She tied the history of the USSR to her reporting, noting that the people of her nation, the Crimean Tatars, were deported to Uzbekistan during World War II and only allowed to return to Crimea during the collapse of the Soviet Union. 

“The Tatars were not mentioned in Soviet history books or in Soviet newspapers,” Musaieva said. The fall of the Eastern bloc brought new openness in the media that shed light on the Tatar plight, yet just a few years later, due to the efforts of oligarchs, “the Ukrainian media market was under the control of the authorities and friendly businessmen.”  

History Professor Annelise Orleck and Photographer Liz Cooke Discuss Photography and History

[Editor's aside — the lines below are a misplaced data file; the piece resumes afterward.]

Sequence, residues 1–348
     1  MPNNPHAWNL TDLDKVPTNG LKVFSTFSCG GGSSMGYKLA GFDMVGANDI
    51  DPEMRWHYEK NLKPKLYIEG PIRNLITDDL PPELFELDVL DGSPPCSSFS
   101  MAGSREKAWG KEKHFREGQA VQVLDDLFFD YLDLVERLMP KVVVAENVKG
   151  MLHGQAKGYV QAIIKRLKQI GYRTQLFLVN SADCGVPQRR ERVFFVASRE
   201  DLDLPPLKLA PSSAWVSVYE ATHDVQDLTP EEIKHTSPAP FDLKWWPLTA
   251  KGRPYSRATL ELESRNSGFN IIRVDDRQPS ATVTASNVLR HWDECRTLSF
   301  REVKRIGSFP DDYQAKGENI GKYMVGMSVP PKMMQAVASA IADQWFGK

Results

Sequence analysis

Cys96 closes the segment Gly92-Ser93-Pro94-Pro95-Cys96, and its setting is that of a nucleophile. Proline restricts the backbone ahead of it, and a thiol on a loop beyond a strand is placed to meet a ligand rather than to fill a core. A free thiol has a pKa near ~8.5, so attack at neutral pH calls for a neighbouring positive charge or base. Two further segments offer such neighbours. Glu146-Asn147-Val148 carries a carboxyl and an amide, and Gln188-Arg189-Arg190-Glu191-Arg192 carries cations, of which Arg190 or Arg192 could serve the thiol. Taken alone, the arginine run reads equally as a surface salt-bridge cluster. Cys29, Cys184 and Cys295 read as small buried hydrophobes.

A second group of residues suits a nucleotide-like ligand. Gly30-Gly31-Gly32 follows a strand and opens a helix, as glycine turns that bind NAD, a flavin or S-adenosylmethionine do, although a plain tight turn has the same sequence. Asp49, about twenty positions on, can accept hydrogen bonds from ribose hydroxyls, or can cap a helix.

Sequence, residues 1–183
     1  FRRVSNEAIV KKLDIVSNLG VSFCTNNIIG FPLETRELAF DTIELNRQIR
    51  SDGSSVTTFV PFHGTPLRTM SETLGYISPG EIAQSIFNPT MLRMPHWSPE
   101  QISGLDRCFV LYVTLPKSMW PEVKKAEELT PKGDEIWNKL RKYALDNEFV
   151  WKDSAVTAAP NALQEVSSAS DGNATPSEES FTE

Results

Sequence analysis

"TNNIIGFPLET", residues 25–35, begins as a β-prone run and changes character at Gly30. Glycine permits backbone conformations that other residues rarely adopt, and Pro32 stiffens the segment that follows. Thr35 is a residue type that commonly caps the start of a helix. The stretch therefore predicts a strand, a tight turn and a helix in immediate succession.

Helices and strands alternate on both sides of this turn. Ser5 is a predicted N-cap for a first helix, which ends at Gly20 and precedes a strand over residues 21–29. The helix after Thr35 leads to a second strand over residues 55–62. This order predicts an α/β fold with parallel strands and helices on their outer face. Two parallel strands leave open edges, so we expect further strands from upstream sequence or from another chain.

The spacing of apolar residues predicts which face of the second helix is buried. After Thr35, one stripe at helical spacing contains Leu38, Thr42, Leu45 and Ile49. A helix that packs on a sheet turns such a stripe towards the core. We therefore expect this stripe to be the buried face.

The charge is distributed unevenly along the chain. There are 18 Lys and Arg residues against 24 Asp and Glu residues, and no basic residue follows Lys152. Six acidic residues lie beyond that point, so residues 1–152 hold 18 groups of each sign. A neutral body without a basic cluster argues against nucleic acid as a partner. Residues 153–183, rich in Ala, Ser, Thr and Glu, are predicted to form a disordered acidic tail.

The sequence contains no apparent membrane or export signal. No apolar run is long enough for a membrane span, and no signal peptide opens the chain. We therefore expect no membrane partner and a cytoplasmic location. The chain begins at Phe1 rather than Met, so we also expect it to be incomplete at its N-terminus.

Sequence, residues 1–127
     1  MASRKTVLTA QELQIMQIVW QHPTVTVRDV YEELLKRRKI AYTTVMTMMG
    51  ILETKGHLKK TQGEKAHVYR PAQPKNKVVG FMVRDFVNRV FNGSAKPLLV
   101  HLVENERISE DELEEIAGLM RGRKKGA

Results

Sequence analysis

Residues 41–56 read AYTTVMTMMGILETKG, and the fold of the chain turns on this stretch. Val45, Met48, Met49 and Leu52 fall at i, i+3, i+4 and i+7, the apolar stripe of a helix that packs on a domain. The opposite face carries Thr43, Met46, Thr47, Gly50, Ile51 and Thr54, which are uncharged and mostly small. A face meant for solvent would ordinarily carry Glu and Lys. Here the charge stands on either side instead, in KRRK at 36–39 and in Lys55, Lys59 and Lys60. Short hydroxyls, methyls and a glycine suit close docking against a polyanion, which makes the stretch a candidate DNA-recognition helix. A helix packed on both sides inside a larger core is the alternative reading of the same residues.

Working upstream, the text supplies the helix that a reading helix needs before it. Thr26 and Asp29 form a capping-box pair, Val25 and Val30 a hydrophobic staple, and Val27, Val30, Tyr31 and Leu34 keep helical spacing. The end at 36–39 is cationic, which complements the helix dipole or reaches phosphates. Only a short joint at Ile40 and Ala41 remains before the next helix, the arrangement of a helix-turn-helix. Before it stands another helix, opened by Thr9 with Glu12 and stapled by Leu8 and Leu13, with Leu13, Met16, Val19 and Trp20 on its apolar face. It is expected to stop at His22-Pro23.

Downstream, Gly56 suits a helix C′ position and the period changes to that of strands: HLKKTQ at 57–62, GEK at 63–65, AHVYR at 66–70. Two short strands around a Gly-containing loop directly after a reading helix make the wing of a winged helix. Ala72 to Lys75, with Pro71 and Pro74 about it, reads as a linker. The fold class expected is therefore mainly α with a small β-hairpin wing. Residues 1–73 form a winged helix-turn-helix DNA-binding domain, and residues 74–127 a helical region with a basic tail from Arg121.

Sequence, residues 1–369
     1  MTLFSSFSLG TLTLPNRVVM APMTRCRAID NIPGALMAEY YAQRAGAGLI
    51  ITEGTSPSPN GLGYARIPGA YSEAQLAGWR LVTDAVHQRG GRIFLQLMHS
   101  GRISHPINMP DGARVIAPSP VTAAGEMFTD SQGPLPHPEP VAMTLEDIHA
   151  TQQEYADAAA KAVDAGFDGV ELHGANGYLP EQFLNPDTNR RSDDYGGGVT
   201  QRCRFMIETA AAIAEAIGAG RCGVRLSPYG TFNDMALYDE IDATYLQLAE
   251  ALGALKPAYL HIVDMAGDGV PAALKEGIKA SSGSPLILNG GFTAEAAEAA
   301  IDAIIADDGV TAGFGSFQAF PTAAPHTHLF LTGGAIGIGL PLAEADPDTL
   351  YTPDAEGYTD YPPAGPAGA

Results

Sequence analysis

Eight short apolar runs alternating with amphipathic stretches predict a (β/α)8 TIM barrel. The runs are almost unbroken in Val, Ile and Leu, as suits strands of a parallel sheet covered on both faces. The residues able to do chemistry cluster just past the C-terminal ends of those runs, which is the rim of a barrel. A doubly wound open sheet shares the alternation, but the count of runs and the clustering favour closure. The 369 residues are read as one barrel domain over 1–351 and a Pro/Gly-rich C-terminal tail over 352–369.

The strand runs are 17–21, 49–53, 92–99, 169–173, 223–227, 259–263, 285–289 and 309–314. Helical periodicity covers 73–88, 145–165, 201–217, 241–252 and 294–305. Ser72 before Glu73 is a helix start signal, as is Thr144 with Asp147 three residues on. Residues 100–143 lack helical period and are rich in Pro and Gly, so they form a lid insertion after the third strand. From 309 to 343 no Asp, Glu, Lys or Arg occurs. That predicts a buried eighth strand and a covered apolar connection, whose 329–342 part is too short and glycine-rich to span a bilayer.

On Monday, April 15, 2019, History Professor Annelise Orleck and photographer Liz Cooke gave a talk titled “Photography and History: A Conversation” at the Rockefeller Center, discussing their collaboration on a recently published book, We Are All Fast Food Workers Now: The Global Uprising Against Poverty Wages. The book and its accompanying photography “try to document the new global economy,” according to Orleck. 

Throughout the talk, the two cycled through a variety of photos of “those fighting for a living wage.” Professor Orleck described what she called a shift in perceptions since the 1980s: while companies used to care about their workers and communities, she asserted, now, their “highest priority” is their shareholders. She dates the beginning of the “fight for a living wage’ to 2012, which sparked her interest in this book. 

One image depicted McDonalds workers and “Fight for $15” activist Bleu Rainer showing scars on his arm to the camera. Orleck and Cooke said these scars are present for anyone who had worked at McDonalds and used a fry vat, something that unites otherwise diverse and disparate workers across cultures. 

Prof. Lee Epstein, Washington University in St. Louis, delivers Timbers Lecture